BLTC Press Titles

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The Haunted Bookshop

Christopher Morely

The Fairy Tale of the Green Snake and the Beautiful Lily

Johann Wolfgang von Goethe, Thomas Carlyle, Rudolf Steiner

Leaves of Grass

Walt Whitman

Darby O'Gill and the Little People

Hermenie Templeton Kavanagh

Madame Bovary

by Gustave Flaubert


Henry James

Life of Gustave Flaubert xlv—xlviii

Edmund Gosse

Madame Bovary I_424

The Portraits of Gustave Flaubert . . .425-431

Octave Uzanne



We were at Preparation in the schoolroom when the head master entered, followed by a new boy dressed not in the school uniform but in ordinary plain clothes, and by a school servant bearing a large desk. Those who were asleep woke up, and every one rose as though he had been surprised at his work.

The head master motioned to us to sit down again; then, turning to the usher:

"M. Roger," said he to him half in an undertone, "here is a pupil whom I recommend to your care; he enters the fifth form. If his work and his conduct are deserving, he shall pass into the upper school, where at his age he ought to be."

Lingering in the corner, behind the door, so that he could scarcely be seen was the new boy, a country lad about fifteen years of age, and taller than any among us all. He wore his hair cut straight over the forehead, like a village choir-boy, and his manner was at once sensible and very shy. Although he was not broad across the shoulders, his round jacket of green cloth with black buttons seemed to pinch him uncomfortably under the arms, and through the slit of the cuffs it exhibited red wrists accustomed to be bare. His legs, blue stockinged, protruded from a yellowish pair of trousers braced up very high. He was shod with strong shoes, ill polished, and studded with nails.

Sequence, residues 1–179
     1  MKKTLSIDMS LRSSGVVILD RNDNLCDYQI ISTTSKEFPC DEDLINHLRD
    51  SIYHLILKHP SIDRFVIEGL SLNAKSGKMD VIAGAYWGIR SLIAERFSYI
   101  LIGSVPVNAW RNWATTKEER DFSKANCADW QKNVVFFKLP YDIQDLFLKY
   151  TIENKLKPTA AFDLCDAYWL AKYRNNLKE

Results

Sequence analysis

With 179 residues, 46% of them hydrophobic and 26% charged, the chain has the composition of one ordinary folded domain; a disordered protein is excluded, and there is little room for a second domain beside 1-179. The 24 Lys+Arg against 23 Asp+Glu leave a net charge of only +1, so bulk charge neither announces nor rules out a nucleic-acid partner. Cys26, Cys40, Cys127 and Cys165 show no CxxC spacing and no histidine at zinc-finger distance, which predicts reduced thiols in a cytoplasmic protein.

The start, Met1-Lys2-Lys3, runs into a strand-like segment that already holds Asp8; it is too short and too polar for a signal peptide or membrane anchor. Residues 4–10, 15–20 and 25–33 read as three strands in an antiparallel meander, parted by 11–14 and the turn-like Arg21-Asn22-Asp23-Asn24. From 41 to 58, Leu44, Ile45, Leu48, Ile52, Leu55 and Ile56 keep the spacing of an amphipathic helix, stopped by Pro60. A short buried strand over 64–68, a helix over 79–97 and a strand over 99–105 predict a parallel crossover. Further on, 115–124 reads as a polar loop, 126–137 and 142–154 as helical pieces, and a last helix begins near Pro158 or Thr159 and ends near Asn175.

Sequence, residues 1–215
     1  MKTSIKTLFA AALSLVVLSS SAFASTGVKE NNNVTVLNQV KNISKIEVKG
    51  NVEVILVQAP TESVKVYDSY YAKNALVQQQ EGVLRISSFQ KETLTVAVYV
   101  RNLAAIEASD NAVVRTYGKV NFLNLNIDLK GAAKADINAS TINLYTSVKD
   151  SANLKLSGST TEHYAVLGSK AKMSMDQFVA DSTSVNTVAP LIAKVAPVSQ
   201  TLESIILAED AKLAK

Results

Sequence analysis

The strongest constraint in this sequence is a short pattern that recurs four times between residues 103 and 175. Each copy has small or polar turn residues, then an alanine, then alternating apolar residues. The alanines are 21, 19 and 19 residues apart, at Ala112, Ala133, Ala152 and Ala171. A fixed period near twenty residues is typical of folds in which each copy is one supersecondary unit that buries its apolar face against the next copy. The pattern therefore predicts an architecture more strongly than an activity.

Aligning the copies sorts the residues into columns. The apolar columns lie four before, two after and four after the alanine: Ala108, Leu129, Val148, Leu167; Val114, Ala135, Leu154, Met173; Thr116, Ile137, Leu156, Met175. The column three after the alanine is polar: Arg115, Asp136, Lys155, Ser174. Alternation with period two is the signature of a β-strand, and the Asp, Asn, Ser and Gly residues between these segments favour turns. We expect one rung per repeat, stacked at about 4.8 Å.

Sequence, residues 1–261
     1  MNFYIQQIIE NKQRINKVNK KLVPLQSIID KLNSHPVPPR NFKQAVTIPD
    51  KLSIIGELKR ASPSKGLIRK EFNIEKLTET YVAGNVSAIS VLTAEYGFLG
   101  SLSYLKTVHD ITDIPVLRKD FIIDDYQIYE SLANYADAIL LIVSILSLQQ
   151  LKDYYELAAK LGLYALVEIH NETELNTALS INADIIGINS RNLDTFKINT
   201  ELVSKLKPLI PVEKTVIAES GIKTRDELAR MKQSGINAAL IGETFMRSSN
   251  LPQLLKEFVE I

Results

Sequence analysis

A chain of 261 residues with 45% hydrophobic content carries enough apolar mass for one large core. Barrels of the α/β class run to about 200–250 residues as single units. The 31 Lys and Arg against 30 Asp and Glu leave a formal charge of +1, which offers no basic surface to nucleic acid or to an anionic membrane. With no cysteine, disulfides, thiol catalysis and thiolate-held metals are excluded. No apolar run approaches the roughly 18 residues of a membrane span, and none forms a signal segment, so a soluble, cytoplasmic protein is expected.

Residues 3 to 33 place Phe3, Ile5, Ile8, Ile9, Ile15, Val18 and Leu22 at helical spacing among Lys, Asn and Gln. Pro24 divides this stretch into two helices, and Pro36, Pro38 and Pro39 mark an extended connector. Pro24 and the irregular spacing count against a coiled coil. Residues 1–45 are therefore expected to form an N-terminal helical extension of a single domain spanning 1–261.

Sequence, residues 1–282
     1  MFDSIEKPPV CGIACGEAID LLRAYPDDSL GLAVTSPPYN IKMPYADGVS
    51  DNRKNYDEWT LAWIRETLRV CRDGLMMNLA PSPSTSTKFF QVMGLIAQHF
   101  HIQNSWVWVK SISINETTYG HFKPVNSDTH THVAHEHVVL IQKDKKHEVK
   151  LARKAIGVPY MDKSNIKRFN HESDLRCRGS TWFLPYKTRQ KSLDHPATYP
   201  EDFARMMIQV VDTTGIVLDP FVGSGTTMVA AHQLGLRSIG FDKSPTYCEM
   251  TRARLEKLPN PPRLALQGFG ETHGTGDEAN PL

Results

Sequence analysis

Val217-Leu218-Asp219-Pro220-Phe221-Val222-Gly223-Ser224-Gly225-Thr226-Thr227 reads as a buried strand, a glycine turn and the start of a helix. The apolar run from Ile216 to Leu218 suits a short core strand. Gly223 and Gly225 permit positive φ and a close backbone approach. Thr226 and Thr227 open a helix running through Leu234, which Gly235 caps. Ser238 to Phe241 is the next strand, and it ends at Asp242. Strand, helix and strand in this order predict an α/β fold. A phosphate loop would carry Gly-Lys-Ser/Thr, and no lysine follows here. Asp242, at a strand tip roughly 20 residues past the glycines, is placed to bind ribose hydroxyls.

The repetition of lessons was commenced. He listened to them with all his ears, attentive as though to a sermon, not daring even to cross his legs nor to lean on his elbow, and at two o'clock, when the bell rung, the usher was obliged to address him individually before he placed himself along with us in the ranks.

We were accustomed, as we went in to school, to throw our caps on the ground, so as to have afterwards greater freedom for our hands; from the threshold of the door the practice was to fling them under the bench in such a way as to strike against the wall and raise a lot of dust. . This was considered " good form."

But, whether it were that he had not noticed this proceeding or that he did not dare conform to it, when prayers were over the new boy still held his cap on his two knees. It was one of those head coverings of composite order, in which are to be observed the elements of the woollen cap, of the chapska, of the round hat, of the otter-skin toque and of the cotton cap, one of those poor things, in fine, the mute ugliness of which has certain depths of expressiveness like the face of an idiot. Shaped like an egg and kept extended by means of whalebones, it commenced with three circular puddinglike bulges; then, divided by a strip of red, there alternated lozenges of velvet and rabbit-skin; after these came a kind of sack which ended in a cardboard polygon, covered with an embroidery of braid worked in a complicated design and having attached to it at the end of a long and too slender cord a little cross-bar made of gold thread by way of tassel. It was new; the peak glittered.

"Stand up," said the professor.

He rose; his cap fell. The whole class tittered. He stooped to recover it. A neighbour with a nudge of his elbow made it fall again; once more he picked it up.

"Put down your cap," said the professor, who was a wit.

There was a roar of laughter from the boys which put the poor fellow quite out of countenance, so that he knew not whether he was expected to keep his cap in his hand, leave it on the ground or put it on his head. He sat down again and placed it on his knees.

"Stand up," said the professor again, "and tell me your name."

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